made detailed recommendations about the nature of a future
Committee; they suggested that a Welsh Territorial Committee's
functions could include
"liaising with the Chairs of the Policy Committees
of the National Assembly to ensure, for example, that the drafting
of primary and secondary legislation coincides with the Assembly's
The legislative powers of the Scottish Parliament
mean that this function would not be required for Scotland, but
many of our witnesses hoped that one function of future "Scottish
Affairs" or "Welsh Affairs" committees would be
liaison between Westminster and the devolved legislatures;
we agree that, if such links were desired by our colleagues in
the devolved legislatures, this could be a significant part of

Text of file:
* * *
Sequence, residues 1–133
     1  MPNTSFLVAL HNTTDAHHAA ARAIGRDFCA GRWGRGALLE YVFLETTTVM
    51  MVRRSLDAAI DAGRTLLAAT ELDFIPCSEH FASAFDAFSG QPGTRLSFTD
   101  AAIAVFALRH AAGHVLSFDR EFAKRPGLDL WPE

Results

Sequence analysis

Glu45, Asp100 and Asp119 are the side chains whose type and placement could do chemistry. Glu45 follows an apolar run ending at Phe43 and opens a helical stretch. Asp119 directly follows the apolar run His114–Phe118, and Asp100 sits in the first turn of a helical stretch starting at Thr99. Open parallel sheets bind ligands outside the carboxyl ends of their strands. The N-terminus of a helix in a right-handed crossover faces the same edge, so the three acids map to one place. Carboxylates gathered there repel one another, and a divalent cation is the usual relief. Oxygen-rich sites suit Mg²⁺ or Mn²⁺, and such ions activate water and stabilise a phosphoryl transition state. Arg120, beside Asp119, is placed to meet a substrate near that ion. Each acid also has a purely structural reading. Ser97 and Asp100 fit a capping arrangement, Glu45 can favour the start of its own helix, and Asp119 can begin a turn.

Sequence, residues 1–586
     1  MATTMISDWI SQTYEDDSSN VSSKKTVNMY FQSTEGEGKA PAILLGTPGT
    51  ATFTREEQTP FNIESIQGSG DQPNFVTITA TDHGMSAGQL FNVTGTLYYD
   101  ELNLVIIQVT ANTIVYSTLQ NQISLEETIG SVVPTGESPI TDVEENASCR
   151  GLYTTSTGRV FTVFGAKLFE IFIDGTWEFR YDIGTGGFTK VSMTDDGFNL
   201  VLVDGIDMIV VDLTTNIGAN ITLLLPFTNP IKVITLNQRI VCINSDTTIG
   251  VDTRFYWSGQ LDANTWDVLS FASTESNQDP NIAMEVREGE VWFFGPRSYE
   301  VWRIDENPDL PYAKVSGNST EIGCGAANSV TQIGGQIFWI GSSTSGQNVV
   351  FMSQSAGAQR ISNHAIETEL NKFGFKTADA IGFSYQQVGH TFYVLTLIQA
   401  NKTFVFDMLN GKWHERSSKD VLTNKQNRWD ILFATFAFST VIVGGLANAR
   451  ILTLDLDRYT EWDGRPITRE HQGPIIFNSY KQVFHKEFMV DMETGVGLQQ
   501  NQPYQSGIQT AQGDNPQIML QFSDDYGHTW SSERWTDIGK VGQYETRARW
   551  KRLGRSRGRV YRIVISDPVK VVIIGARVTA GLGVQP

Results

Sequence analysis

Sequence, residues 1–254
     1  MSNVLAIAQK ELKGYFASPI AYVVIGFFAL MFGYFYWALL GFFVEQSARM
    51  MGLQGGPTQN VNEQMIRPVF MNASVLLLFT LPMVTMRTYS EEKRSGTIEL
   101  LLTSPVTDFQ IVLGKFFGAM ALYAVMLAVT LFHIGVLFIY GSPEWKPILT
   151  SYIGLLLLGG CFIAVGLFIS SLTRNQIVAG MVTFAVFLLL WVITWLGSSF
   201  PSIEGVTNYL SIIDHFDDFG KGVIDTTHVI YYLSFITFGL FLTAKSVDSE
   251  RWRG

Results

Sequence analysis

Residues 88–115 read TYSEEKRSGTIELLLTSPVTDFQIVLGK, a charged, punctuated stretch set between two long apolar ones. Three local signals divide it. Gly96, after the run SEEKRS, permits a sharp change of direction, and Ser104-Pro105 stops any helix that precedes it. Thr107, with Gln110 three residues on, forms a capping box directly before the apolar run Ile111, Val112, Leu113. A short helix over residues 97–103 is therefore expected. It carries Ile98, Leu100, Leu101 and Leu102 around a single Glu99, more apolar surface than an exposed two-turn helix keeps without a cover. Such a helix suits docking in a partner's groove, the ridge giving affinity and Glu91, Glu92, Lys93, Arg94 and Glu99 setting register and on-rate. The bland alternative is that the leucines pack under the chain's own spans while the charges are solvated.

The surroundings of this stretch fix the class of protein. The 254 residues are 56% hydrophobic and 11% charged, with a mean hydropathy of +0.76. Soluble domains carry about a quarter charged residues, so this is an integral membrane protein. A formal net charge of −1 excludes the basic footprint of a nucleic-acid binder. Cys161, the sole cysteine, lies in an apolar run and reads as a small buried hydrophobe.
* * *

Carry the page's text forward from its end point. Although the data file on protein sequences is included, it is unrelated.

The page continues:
their role, and we deal with the technicalities of such
liaison in paragraphs 37 to 46. However, given that Select Committees
here will be constituted to reflect the party balance in Westminster,
and the devolved legislatures may, and indeed, are likely to,
have different party balances it may be premature to forecast
the nature of such liaison at this stage.
It will be determined by the wishes of the devolved legislatures
and their Committees and of the Select Committee concerned and
its extent and nature is likely to be greatly affected by personal
21. The Study of Parliament Group also suggests that
a "Territorial" Committee could act by:
" assuming the role of a standing
committee at the committee stage where the National Assembly requires
new Wales-only primary legislation;
reviewing those parts of proposed primary
legislation that will apply to Wales".
We deal with legislation later in our Report; here
we note that it is open to any Committee to consider legislation